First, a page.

This has two obvious results — the work, some of great scientific interest, done by the members of the Unit (and the Deep Geology Unit which covers on-shore hydrocarbon work) cannot be published and there is therefore a degree of academic frustration among staff. Secondly, the staff involved, trained by IGS in such arcane arts as seismic interpretation, are commercially hot property, not only for their skills but for the background information they possess and which, notwithstanding the Official Secrets Act, they will inevitably use if they succumb to the lure of higher commercial salaries. The result has been a steady loss of trained people and the suggestion of higher salary scales for staff working in this field, to counter the fleshpots of the oil companies, has produced some acrimony in staff relations. In the Department of Energy itself hydrocarbon specialists have for several years been offered special rates.

The primary task of the Marine Geophysics Unit and the Marine Geology Unit remains, however, the production of geophysical and geological maps of the off-shore areas of the UK. It is clearly much more difficult to survey geologically an area where there is not only drift cover — the bane of the on-shore field man — but a considerable depth of salt water too. After early attempts to use aqualung divers, useful in obtaining samples from rock outcrops but ineffective in the open sea, numerous methods of submarine sampling are used— grab samples which give specimens of the sea floor, gravity corers and vibracorers which give drift samples down to a few metres, and ship-mounted shell and auger and rotary drill rigs which can penetrate sea floor drift deposits to produce rock cores to a depth of several tens or hundred of metres. To make sure that these relatively expensive operations give the maximum possible information extensive use is made of geophysical and other methods to fix their sites. Apart from the use of commercial seismic information, shallow seismic surveys are conducted with the Institute's own equipment and special surveys are commissioned from commercial operators. Extensive use is also made of sideways-looking sonar equipment to get an accurate picture of the sea floor topography.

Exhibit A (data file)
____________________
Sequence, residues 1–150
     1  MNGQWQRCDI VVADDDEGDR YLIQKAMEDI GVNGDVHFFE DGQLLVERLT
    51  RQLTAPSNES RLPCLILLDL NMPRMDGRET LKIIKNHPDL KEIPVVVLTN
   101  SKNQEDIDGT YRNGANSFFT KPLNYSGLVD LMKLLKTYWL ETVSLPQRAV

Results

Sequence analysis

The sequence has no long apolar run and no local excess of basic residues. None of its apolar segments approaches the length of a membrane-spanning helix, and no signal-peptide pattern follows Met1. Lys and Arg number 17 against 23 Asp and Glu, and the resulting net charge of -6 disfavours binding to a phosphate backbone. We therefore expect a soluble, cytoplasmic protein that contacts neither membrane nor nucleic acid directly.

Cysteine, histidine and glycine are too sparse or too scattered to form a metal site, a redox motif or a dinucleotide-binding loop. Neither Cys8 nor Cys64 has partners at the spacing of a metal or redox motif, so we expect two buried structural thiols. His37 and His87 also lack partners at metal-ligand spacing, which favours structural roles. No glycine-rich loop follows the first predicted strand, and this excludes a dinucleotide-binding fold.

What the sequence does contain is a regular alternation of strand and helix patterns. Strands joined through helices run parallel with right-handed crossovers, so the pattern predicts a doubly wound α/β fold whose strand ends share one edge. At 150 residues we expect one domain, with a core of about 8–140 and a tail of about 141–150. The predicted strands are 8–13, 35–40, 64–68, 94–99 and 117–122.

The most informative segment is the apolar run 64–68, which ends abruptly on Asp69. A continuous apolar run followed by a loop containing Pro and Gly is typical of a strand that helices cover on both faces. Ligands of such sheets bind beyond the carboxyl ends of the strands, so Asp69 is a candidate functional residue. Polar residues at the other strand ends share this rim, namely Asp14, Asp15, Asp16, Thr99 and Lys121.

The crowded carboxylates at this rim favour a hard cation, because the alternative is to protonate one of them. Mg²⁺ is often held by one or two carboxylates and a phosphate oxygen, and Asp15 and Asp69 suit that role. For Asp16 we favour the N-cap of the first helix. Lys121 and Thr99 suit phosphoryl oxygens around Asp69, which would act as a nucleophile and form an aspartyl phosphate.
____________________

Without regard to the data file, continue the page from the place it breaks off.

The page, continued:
As all this work has to be carried out from moderately sized vessels (500-2000 tons), it is, relative to most land-based geological operations, very expensive. From the early stages, most ships used have been chartered commercial vessels, suitably modified for the special requirements of geophysical surveys, seabed sampling, coring and shallow drilling (down to about 300m below seabed). Use of NERC ships has been limited to a few seasons work. Some surveys have also been conducted from Hydrographic Survey Ships in collaboration with the Hydrographic Department of the Navy and from French survey vessels during a period of Anglo-French collaboration in the survey of the English Channel (La Manche). IGS staff, who spend several months at sea each year, have varying opinions about the different life-styles which exist aboard these vessels, but on one point most agree — the cuisine aboard the French vessels created considerable problems for the weight-watchers.

The results of this work over the last fifteen years have given us a fairly detailed knowledge of a large part of the UK continental shelf and the production of 1:250 000 geophysical and geological maps, which include the land areas in many cases, is now well advanced. This advance of scientific knowledge, financed by the revenues from North Sea oil and gas, is perhaps the only way in which successive governments have put these revenues to any long-term use. The information obtained from these surveys is widely used in support of off-shore engineering ventures such as the routing of oil and gas pipelines.